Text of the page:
Search continues for missing veteran last seen on Christmas

By RYAN PFEIL | Mail Tribune, Medford, Ore. (Tribune News Service) | Published: January 6, 2016

A U.S. Air Force veteran who was staying at Veterans Affairs Southern Oregon Rehabilitation Center and Clinics has been missing since Christmas, and his family is asking the community surrounding the center to be on the lookout for him.

Jackson County Search & Rescue found 47-year-old Todd McFarland's truck Saturday eight miles up Wagner Creek Road outside Talent, stuck in the snow and abandoned. That's the last clue searchers say they have.

"We've done three searches since the truck was located, obviously with no luck," said sheriff's Sgt. Shawn Richards of search and rescue.

According to a Facebook group dedicated to finding McFarland and bringing him home, McFarland left the VA Dec. 25. His younger brother Scott said he had talked to him that morning. Scott said he had invited his brother over to celebrate the holiday, but McFarland declined as he was tired.

"That's the last we heard from him," Scott said. "The important thing is did anyone see him? Did anyone find him? Did anyone talk to him? Maybe he wandered down that road after finding his truck."

Richards said there's also a good chance someone came along and picked him up. Tracking dogs helping with the search have been thwarted by deep, recent snowfall that's still covering much of the terrain higher up.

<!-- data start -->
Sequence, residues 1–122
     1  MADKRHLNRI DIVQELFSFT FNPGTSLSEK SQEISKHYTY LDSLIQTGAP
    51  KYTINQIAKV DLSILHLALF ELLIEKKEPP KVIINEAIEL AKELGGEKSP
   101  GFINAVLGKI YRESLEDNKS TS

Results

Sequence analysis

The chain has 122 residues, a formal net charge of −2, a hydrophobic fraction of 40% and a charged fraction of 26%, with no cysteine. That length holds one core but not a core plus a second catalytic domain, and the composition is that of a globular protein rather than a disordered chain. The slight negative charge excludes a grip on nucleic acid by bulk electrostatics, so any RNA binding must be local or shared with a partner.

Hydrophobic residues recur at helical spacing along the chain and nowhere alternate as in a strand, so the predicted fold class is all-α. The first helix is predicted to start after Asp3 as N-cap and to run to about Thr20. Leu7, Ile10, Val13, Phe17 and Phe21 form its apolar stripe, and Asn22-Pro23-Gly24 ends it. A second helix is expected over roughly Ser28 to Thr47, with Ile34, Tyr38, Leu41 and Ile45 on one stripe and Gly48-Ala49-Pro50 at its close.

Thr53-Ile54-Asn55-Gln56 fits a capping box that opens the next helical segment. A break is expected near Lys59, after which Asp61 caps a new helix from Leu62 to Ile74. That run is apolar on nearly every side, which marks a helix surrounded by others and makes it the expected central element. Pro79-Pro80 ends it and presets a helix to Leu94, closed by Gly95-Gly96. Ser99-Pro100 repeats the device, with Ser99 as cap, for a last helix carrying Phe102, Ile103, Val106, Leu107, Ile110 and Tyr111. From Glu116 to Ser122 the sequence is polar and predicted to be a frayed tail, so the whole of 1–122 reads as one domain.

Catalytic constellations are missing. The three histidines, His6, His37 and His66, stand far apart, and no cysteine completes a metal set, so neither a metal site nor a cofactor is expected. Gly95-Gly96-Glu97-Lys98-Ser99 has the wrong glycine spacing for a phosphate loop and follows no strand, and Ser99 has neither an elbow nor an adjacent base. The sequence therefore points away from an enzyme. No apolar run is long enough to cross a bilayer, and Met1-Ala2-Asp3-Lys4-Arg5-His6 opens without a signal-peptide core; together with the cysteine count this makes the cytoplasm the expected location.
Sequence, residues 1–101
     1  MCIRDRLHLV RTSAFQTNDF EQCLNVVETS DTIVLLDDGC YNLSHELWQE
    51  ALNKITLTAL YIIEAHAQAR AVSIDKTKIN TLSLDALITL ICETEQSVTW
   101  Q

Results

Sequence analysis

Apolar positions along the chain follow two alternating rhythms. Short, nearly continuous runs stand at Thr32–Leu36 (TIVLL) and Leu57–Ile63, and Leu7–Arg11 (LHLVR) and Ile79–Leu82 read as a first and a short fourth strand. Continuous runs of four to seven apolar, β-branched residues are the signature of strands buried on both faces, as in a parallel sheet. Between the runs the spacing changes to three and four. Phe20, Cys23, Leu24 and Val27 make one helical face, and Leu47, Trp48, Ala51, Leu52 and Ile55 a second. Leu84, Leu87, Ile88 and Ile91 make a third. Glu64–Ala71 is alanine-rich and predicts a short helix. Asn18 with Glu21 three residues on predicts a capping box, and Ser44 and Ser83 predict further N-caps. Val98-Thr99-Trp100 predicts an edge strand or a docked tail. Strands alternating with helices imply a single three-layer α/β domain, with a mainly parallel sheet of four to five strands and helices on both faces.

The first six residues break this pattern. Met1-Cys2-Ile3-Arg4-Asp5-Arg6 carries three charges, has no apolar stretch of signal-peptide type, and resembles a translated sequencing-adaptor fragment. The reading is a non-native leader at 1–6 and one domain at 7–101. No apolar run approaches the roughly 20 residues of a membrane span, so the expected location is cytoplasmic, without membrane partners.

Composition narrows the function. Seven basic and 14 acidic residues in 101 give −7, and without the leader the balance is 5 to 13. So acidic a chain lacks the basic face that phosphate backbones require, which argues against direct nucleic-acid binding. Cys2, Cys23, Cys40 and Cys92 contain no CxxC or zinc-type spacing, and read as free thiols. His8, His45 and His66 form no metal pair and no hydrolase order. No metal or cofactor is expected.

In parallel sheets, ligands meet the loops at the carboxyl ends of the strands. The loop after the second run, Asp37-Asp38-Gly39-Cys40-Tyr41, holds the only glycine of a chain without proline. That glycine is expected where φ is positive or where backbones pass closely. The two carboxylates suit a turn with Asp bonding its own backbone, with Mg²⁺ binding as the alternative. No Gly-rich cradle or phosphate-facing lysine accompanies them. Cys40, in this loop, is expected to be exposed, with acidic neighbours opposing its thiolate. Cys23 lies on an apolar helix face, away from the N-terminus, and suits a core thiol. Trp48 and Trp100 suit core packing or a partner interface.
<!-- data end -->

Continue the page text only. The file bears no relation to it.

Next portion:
"The biggest thing hindering us in this is a lot of snow," Richards said.

Scott said his brother grew up in Hugo and served in the National Guard after graduating from North Valley High. He eventually went into the U.S. Air Force, serving as an aircraft mechanic. After retiring from the military, he worked for a helicopter company. Scott said his brother ran into problems with alcoholism, which affected his health.

"As his health deteriorated, eventually he wound up at the VA," Scott said.

Scott works for a Grants Pass marketing company, At Your Pace Online, and the business has helped him get the word out.

"Once we realized how dire the situation was, we decided to start acting," said Scott's co-worker Tim Bell. "He could very well just be in town and out of contact."


©2016 the Mail Tribune (Medford, Ore.)

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